Still, White concedes that Cadwalader lawyers in other practices had less work. "We have lawyers today who are less busy than they were, our private equity guys and some of the real estate finance, some of the capital markets," he says.

The slowdown in real estate and capital markets in particular fueled a series of layoffs at Cadwalader. In January 2008 the firm laid off 35 lawyers. It cut another 96 in July. The firm also shed staff jobs and reigned in expenses in hopes of boosting profits.

By mid-summer, revenue fell below internal firm projections, which White pegged in the early summer at $535 million to $550 million. By the time the July layoffs were announced, though, White said he'd decided to "stay out of the projection business."

After Lehman Brothers filed for bankruptcy in September, White says many financial services clients began hoarding cash, making collections difficult. That remains "an ongoing issue," he says.

Cadwalader also went through a series of management changes in 2008. In February, White took over as chairman, a role long filled by Robert Link. He remained on as managing partner, but in November, Link's name was left off a slate of candidates for Cadwalader's management committee. A vote on that slate is scheduled for today.

Also missing from the slate was James Carroll, head of Cadwalader's Charlotte office, which serviced Bank of America and Wachovia on structured finance transactions. In their place were restructuring cochairs Bruce Zirinsky and Deryck Palmer.

The move appeared to signal that Cadwalader's management was deemphasizing capital markets work in favor of restructuring assignments. Yet despite the shift, this month Cadwalader confirmed that Zirinsky and another restructuring partner, John Bae, had defected to Greenberg Traurig. Zirinsky, who handled the Northwest Airlines bankruptcy, came to Cadwalader in 1998, following M&A rainmaker Dennis Block from Weil, Gotshal & Manges. In addition to Zirinsky and Bae, four other partners have left Cadwalader since the July layoffs.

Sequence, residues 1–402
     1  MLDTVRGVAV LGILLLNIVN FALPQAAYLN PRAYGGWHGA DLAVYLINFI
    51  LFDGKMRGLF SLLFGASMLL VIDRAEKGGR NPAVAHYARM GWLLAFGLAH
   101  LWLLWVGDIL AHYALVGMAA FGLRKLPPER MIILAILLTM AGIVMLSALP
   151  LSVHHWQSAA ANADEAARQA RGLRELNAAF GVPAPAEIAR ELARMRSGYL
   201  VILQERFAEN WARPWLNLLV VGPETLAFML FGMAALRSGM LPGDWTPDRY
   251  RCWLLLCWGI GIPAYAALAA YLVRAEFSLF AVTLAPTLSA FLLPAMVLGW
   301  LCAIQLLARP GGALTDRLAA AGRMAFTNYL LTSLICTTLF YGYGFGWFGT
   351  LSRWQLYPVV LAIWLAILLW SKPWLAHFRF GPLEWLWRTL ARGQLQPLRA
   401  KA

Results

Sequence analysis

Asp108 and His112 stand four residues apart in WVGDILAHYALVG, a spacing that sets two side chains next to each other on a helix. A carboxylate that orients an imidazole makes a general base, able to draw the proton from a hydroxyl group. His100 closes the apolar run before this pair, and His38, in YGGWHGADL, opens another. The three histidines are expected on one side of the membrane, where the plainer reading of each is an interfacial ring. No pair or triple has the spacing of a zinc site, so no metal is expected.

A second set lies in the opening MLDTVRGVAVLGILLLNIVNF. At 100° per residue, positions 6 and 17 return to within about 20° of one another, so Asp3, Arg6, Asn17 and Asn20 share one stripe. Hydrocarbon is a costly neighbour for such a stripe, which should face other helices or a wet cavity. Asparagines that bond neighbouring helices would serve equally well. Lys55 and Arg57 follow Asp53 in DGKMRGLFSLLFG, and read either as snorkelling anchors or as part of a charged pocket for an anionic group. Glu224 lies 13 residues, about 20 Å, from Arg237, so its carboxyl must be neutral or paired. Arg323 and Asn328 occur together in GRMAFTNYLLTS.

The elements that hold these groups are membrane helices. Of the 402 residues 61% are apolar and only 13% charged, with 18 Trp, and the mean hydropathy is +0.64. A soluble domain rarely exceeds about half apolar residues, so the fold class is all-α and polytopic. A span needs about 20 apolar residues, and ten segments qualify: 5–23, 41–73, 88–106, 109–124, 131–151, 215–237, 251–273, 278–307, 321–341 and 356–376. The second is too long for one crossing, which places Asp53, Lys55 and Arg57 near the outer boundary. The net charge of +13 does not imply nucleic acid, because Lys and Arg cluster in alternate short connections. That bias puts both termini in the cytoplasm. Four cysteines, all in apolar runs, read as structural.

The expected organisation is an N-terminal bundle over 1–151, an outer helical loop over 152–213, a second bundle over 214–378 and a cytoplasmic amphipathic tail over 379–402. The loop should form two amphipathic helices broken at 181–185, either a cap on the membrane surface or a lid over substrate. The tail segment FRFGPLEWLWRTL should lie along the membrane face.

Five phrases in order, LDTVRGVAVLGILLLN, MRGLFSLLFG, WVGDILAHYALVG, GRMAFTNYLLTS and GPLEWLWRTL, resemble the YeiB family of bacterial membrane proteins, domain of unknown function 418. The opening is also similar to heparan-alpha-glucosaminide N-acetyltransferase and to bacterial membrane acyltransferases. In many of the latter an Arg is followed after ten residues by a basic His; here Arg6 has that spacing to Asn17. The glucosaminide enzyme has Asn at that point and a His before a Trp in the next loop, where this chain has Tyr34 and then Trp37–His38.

Nevertheless, White says Cadwalader will continue to recruit, specifically for its litigation and corporate practices.

"I view this as an opportunity to continue to grow and strengthen the firm," White says. "I hope it's somewhat evident that while Cadwalader has a very strong reputation in capital markets and structured finance, it's becoming evident we have strength beyond that."

Click here for the final published results of last year's Am Law 100 ranking.

This report is part of The Am Law Daily's ongoing Web coverage of The Am Law 100s 2008 financials, bringing you our own reports and those from our sibling publications at Incisive Media. Results are preliminary.

Final rankings and full results for The Am Law 100 will be published in The American Lawyer's May issue and on AmericanLawyer.com. The Am Law Second Hundred will be published in the June issue.